2.  What generates radio waves, heat, and electromagnetic disturbances in nature?  A black hole.  Likewise, I believe this configuration is generating an unstable wormhole.  Literally, pulling the vehicle along while compressing space behind it.  A change in weight of the device along the direction of thrust would confirm this hypothesis if the device were to be placed upside down with the thrust pointing up.  The observation would be a lighter object contrary to gravitation physics.
3.  A secondary magnet is needed to keep the field in place.  That magnet is directing the flow of charge from the vortices.  I believe an EM torus positioned with the hole inline with the downstream would focus the flow more effectively and increase the thrust considerably.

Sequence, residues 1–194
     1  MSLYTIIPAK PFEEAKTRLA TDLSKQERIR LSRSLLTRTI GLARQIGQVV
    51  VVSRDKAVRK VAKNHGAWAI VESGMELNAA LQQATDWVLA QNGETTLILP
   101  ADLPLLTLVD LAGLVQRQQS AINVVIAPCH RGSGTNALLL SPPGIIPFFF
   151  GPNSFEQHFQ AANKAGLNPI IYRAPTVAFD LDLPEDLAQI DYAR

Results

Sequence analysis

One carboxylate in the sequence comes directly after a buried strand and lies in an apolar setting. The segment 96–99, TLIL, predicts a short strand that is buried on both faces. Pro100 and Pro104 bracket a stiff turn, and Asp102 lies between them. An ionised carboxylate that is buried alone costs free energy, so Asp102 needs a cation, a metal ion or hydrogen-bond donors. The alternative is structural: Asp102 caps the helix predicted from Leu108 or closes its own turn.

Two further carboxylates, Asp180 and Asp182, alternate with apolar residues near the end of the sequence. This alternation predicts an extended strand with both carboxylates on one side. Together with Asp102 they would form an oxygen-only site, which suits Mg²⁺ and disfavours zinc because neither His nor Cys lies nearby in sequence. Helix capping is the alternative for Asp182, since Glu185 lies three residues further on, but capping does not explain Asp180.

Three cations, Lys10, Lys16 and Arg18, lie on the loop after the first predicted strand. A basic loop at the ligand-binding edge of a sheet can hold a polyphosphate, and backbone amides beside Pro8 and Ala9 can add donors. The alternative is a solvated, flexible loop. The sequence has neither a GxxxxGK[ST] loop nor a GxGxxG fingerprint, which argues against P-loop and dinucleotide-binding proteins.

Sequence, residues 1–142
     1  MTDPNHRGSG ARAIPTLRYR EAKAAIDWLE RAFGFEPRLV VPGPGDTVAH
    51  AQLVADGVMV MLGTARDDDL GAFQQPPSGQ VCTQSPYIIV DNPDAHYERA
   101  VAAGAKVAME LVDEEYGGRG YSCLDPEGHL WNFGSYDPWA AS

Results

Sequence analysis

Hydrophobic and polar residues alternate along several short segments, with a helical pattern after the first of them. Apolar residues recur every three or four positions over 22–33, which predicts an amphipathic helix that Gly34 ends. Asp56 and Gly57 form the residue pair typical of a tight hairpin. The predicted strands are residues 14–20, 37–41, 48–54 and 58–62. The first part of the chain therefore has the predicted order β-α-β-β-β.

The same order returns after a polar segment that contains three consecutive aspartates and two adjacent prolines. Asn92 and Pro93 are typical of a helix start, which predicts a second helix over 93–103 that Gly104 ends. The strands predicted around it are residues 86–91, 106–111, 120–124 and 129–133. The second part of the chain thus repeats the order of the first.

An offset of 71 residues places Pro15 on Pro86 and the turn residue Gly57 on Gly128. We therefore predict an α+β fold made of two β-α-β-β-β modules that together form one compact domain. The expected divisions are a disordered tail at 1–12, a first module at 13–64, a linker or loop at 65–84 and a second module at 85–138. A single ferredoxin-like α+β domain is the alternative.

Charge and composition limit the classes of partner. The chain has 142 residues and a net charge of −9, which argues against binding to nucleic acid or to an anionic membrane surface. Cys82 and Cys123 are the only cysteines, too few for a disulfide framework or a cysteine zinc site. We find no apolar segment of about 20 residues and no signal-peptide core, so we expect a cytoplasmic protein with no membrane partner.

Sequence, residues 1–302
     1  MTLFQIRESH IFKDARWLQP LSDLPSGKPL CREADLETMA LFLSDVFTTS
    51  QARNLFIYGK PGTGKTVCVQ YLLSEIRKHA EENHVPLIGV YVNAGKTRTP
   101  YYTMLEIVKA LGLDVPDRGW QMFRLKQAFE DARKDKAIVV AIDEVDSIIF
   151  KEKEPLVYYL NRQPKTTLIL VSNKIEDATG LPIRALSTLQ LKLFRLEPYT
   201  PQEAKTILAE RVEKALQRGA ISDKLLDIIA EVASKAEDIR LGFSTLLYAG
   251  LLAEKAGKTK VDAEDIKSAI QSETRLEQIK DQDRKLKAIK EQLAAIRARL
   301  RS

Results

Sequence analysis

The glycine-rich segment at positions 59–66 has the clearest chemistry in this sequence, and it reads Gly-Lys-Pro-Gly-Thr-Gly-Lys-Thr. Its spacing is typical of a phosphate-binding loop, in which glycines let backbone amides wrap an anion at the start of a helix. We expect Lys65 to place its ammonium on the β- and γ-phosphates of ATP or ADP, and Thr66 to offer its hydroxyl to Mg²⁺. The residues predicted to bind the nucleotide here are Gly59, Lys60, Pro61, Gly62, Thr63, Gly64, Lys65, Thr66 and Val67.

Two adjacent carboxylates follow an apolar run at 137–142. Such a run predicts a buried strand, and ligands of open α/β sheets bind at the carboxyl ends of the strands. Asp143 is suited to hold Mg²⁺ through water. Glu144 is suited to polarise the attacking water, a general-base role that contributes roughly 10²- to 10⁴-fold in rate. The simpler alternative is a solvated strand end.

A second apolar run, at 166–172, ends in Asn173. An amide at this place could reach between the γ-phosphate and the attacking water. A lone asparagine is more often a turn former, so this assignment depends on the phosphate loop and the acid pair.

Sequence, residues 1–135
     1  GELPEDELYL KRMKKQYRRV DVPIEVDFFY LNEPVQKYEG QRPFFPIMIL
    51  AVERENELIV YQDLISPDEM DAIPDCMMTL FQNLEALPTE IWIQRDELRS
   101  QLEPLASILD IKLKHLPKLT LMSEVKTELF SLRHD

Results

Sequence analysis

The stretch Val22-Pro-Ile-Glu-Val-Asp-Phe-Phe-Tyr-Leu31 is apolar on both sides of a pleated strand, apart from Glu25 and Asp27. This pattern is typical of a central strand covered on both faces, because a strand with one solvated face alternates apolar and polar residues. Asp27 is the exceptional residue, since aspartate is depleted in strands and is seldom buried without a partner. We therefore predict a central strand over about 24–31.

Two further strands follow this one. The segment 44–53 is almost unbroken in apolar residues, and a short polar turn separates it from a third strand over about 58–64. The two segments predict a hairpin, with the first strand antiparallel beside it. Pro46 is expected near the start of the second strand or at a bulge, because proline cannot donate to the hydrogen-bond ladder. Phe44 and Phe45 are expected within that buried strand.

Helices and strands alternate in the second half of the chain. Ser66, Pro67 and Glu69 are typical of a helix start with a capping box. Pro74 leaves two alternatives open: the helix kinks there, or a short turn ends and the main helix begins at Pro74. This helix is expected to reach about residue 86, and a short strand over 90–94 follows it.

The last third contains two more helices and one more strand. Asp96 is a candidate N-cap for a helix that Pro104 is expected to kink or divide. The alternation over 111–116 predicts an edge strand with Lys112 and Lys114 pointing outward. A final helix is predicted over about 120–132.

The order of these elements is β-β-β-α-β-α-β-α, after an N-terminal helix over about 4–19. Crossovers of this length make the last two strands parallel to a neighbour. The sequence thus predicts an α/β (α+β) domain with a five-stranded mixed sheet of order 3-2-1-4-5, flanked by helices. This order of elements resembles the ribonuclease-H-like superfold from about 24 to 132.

4.  If this hypothesis pans out, I believe higher energy, larger devices at two ends of a path could generate a stable wormhole.
5.  That... And it would change how our outlook about how microwaves really work in that the heat is from the compression of space due to the formation of EM vortices... And why you should not be putting metal into a microwave.  Heehee.